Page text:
FYI Colorado has leeches in certain mountain lakes and the west slope, not just on the east slope and the subspecies of leeches bought as bait are not usually the same that are native to most bodies of water. I think there are around 80 different species of leeches in North America if I remember back to college days correctly.
 Reply by: walleyeorbust      Posted: 7/19/2017 11:40:33 PM     Points: 823    
Sorry for late response guys and thanks for the info, unfortunately I got called out for work and just got back. Headed over tomorrow to try from shore no boat this go. Anyone know where to rent a canoe between gj and rifle.
 Reply by: little lefty      Posted: 8/4/2017 10:41:19 AM     Points: 0    
Perchpatrol: The regulations state the use of 'live fish' as bait is prohibited on the western slope which includes minnows, bluegill, carp, sunfish, shad, sculpin, suckers, perch, and smelt. This does not include live bait such as worms, leeches, grubs, crickets, etc.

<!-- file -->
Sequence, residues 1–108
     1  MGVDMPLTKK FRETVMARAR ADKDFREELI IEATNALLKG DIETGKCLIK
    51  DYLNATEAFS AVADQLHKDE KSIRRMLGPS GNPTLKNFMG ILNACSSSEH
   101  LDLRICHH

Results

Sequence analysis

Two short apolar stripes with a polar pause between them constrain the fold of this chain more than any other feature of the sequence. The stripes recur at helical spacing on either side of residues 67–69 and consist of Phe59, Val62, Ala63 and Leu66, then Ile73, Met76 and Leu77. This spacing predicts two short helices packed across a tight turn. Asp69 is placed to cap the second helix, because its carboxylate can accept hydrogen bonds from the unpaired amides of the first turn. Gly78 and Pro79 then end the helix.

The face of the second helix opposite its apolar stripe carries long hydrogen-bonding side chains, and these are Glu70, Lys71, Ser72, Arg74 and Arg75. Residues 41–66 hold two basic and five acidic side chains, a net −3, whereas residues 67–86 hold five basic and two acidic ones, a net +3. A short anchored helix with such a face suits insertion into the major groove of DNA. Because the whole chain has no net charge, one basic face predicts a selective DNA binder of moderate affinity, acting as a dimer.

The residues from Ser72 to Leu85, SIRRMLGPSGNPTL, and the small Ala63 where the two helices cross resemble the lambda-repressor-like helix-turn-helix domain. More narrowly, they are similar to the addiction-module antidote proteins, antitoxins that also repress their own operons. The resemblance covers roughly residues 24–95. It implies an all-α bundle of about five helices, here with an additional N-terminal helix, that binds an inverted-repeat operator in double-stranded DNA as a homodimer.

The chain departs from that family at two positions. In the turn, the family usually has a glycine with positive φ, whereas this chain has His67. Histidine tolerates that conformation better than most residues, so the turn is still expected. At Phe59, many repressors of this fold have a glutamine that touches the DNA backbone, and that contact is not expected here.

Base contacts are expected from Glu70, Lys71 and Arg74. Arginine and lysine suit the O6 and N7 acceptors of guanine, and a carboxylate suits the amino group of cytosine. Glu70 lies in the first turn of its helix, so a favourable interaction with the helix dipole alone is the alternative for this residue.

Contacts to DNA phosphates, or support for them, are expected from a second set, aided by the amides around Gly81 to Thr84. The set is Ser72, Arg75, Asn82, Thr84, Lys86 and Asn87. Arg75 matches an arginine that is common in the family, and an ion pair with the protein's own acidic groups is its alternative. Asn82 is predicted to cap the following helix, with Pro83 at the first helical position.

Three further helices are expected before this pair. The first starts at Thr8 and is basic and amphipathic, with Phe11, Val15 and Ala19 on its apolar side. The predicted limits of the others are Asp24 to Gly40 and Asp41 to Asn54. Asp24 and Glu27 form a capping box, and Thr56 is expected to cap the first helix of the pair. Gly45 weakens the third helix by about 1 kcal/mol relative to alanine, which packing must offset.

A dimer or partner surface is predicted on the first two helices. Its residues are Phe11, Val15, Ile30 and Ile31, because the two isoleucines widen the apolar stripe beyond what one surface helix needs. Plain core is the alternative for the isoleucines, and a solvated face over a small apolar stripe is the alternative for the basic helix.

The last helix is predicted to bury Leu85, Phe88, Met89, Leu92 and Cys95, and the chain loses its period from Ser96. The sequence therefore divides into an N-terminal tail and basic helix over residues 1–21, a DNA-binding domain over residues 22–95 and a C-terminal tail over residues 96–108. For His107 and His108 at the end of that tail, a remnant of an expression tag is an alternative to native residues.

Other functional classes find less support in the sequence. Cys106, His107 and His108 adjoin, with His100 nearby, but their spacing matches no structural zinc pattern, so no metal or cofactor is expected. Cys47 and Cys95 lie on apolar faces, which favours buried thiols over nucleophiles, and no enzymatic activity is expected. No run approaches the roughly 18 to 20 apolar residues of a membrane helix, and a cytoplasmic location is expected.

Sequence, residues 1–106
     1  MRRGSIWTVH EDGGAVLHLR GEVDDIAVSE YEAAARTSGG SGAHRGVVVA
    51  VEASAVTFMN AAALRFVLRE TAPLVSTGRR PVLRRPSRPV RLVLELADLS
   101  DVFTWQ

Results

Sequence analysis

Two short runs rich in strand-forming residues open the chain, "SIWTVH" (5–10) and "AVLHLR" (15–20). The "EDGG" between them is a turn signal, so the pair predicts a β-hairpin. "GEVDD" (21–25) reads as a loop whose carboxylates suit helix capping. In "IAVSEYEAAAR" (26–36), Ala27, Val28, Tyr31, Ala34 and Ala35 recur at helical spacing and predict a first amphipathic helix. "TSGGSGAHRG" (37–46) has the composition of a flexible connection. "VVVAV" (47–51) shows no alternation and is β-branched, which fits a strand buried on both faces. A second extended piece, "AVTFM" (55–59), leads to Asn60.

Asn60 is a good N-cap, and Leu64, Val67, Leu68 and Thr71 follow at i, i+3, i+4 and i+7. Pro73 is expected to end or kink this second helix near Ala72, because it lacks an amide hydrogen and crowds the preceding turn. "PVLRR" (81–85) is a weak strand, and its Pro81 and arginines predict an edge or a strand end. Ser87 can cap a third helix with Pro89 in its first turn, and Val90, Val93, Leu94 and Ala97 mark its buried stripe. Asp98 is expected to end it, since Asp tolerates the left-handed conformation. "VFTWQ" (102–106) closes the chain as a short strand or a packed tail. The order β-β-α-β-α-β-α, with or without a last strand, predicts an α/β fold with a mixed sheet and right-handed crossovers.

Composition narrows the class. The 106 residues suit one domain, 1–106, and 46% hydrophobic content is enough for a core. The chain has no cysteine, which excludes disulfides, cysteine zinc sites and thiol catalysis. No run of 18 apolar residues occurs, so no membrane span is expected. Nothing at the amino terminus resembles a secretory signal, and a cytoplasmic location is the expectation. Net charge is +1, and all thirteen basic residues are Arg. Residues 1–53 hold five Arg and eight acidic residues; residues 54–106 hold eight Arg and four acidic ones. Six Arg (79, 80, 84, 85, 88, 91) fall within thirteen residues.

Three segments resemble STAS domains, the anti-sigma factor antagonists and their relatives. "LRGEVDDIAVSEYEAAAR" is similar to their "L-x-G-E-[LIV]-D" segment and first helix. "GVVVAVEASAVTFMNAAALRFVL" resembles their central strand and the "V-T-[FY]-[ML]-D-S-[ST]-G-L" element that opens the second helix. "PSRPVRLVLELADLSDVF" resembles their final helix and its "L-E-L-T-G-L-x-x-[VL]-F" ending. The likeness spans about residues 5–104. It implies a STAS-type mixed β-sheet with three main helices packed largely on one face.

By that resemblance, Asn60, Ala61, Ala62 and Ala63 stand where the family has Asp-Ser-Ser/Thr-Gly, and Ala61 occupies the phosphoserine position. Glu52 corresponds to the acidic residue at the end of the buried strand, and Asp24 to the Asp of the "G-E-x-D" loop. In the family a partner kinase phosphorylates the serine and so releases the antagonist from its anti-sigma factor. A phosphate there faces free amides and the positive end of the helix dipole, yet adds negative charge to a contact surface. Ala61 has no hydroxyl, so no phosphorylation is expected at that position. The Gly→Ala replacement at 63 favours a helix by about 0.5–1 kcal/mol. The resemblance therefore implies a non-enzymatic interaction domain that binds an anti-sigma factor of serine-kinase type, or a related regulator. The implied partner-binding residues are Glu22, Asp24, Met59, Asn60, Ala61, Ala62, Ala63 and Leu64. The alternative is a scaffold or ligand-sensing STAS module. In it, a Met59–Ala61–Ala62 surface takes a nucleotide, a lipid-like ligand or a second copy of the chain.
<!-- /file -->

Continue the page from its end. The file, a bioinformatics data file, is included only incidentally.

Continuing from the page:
Like death_from_below said, these live species already exist within the reservoir, making them legal bait to use as long as new regulations are not posted on location.
 Reply by: ratdog      Posted: 8/4/2017 3:56:40 PM     Points: 149    
Deep Lake on the west slope has leeches
 Reply by: Fishneveryweek      Posted: 8/5/2017 10:29:03 AM     Points: 30    
Somebody evidently dreamed that misconception up quite some time ago. I've seen it spread around for years, but it's just not true - if you can't quote it from the fishing regs booklet, it is just so much BS. Only live fish and certain dead fish can't be used on the western slope, that's fish with bones and fins, surely everyone on this site knows what that is! Oh, yeah, and of course no zebra or quaega muscles, either, but that still leaves even assian clams that have invaded the CO River and plug up irrigation lines.